However, when his father dies suddenly, Mildred Carver, Jonathan’s mother, calls him away from his happy, peaceful life in the hills back to the hustle and bustle of Manhattan high society. Set to inherit his father’s entire estate, Jonathan is urged both by his mother and most of the socialites in the city to marry well and marry quickly to secure the future of the family wealth.

Will Jonathan choose to carry out his duty to his family, or will he follow his heart and return to the woman he loves and the life he enjoys at the Grand Hotel Koe?

Chapter 1

Nestled at the base of a mountain, on the banks of a lake, miles away from the hustle and bustle of the city, the Grand Hotel Koe was a vision of luxury for the wealthy traveler. Standing four stories tall, painted a light yellow, and topped with a red roof and white trim, the massive structure was visible for miles, a beacon of modernity hidden in the Adirondacks far from the lives its visitors sought to escape for the duration of their stay.

The Grand Hotel Koe boasted forty-two rooms, six suites, and three specialty suites often reserved by visiting celebrities who wished to entertain in their own private space, not the public areas of the hotel. The hotel employed twenty maids, ten butlers, seven bellhops, a whole team of groundskeepers to tend to the vast grounds, and the best kitchen staff in the state, or so the management would say. To say the hotel was a successful destination resort for all seasons would be an understatement.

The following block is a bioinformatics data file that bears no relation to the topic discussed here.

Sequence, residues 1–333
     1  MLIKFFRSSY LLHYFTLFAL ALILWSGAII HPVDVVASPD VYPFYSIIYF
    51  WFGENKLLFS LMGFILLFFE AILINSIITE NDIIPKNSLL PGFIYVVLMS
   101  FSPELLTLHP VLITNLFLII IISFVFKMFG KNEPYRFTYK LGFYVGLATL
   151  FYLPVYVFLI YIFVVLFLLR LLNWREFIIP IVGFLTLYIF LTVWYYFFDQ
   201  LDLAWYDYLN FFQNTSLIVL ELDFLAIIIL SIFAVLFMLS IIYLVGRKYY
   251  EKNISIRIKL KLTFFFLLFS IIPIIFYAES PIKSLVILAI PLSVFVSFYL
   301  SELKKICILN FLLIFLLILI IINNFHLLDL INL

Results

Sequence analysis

Jonathan Carver looked out across the lake on his way out onto the veranda, and all he could think about was something his father told him before he left the city: there was nothing more beautiful in the entire state of New York than the majesty of nature stretching beyond the banks of Lake Sonders. The hills rolling across the horizon, a sea of never-ending green in the summer sun, kissed the bluest sky Jonathan could ever remember seeing in all his life. After growing up in the heart of Manhattan, Jonathan counted every single day he was allowed to walk outside to the clear, crisp mountain air and the beauty of the forested hills reflected in the mirror-like lake surface as a blessing.